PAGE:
• after-throwing: Run advice after the a method execution only if method exits by throwing an exception.

• around: Run advice before and after the advised method is invoked..
An Introduction allows us to add new methods or attributes to existing classes.
A proxy is an object that is created after applying advice to a target object. When you think of client objects the target object and the proxy object are the same.
The pointcut is a set of one or more joinpoints where an advice should be executed. You can specify pointcuts using expressions or patterns.
Weaving is the process of linking aspects with other application types or objects to create an advised object. Weaving can be done at compile time, at load time, or at runtime.
• BeanNameAutoProxyCreator
• DefaultAdvisorAutoProxyCreator
• Metadata autoproxying
In this implementation case, aspects are implemented using regular classes along with XML based configuration.
This implementation case (@AspectJ based implementation) refers to a style of declaring aspects as regular Java classes annotated with Java 5 annotations.
The Spring Web MVC framework is designed around a DispatcherServlet that handles all the HTTP requests and responses.
• Constructor-based dependency injection: Constructor-based DI is accomplished when the container invokes a class constructor with a number of arguments, each representing a dependency on other class.

• Setter-based dependency injection: Setter-based DI is accomplished by the container calling setter methods on your beans after invoking a no-argument constructor or no-argument static factory method to instantiate your bean.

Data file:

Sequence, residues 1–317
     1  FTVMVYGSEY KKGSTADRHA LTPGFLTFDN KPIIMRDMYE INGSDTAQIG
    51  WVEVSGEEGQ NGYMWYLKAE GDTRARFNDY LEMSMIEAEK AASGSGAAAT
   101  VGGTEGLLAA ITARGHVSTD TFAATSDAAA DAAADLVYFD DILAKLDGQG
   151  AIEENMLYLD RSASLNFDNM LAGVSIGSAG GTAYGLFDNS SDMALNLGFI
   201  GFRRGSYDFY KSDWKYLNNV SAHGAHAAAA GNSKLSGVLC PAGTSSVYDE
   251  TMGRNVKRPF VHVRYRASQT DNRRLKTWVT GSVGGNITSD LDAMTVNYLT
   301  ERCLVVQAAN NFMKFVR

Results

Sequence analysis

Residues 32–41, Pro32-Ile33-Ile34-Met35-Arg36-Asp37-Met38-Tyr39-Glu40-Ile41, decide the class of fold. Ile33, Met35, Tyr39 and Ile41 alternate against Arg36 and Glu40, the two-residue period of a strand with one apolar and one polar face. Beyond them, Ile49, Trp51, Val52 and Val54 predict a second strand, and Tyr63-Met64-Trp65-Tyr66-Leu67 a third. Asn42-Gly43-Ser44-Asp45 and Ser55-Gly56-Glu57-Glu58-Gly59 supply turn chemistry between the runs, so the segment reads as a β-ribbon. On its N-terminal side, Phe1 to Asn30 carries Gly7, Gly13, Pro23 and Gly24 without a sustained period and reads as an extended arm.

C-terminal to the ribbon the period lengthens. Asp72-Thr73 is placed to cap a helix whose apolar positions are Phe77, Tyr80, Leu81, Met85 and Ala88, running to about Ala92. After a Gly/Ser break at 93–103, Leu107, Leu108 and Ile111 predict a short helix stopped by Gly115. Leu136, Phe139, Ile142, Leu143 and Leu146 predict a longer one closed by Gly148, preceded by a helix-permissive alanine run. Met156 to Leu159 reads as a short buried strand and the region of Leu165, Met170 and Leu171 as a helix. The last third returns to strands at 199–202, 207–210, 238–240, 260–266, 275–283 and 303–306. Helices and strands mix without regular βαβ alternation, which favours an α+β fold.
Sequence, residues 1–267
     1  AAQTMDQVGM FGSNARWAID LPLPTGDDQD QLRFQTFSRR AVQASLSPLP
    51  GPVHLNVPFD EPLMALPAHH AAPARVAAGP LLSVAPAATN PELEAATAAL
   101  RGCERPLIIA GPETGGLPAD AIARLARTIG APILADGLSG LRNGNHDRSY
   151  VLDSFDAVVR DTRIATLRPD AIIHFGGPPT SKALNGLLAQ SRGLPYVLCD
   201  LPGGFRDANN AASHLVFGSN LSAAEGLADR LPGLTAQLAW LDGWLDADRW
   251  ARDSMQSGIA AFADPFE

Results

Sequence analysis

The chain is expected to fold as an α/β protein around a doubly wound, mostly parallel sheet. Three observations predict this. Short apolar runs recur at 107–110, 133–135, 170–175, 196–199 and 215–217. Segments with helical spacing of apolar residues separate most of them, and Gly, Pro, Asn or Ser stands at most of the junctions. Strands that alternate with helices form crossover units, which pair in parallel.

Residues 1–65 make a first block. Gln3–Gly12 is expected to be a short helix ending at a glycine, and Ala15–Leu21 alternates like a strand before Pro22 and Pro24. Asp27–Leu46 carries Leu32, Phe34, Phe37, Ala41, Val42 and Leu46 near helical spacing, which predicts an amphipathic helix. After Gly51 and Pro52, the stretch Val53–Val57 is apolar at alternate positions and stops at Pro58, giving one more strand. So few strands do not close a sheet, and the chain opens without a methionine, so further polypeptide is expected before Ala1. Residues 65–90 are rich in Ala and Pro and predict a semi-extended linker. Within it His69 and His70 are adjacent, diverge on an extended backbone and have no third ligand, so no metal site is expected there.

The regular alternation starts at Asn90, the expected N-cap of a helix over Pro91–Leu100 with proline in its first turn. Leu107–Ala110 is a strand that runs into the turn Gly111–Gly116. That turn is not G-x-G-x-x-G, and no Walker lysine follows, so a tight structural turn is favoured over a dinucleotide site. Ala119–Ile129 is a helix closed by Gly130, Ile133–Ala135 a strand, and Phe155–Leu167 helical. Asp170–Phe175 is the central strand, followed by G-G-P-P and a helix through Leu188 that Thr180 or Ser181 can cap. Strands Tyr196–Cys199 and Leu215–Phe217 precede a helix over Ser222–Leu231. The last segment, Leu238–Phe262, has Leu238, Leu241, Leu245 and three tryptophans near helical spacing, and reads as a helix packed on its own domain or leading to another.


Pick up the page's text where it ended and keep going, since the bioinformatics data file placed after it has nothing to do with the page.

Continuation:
When a bean is only used as a property of another bean it can be declared as an inner bean. Spring’s XML-based configuration metadata provides the use of element inside the or elements of a bean definition, in order to define the so-called inner bean. Inner beans are always anonymous and they are always scoped as prototypes.
Spring comes with a full-featured MVC framework for building web applications. Although Spring can easily be integrated with other MVC frameworks, such as Struts, Spring’s MVC framework uses IoC to provide a clean separation of controller logic from business objects. It also allows to declaratively bind request parameters to business objects.
Dependency Injection, an aspect of Inversion of Control (IoC), is a general concept, and it can be expressed in many different ways.This concept says that you do not create your objects but describe how they should be created. You don’t directly connect your components and services together in code but describe which services are needed by which components in a configuration file. A container (the IOC container) is then responsible for hooking it all up.
This is the basic Spring module, which provides the fundamental functionality of the Spring framework. BeanFactory is the heart of any spring-based application. Spring framework was built on the top of this module, which makes the Spring container.
Application contexts provide a means for resolving text messages, a generic way to load file resources (such as images), they can publish events to beans that are registered as listeners. In addition, operations on the container or beans in the container, which have to be handled in a programmatic fashion with a bean factory, can be handled declaratively in an application context. The application context implements MessageSource, an interface used to obtain localized messages, with the actual implementation being pluggable.
• An interface that defines the functions.

• The implementation that contains properties, its setter and getter methods, functions etc.,

• Spring AOP

• The Spring configuration XML file.

• Client program that uses the function
IOC or dependency injection minimizes the amount of code in an application. It makes easy to test applications, since no singletons or JNDI lookup mechanisms are required in unit tests. Loose coupling is promoted with minimal effort and least intrusive mechanism. IOC containers support eager instantiation and lazy loading of services.
There are two important bean lifecycle methods. The first one is setup which is called when the bean is loaded in to the container. The second method is the teardown method which is called when the bean is unloaded from the container. The bean tag has two important attributes (init-method and destroy-method) with which you can define your own custom initialization and destroy methods. There are also the correspondive annotations(@PostConstruct and @PreDestroy).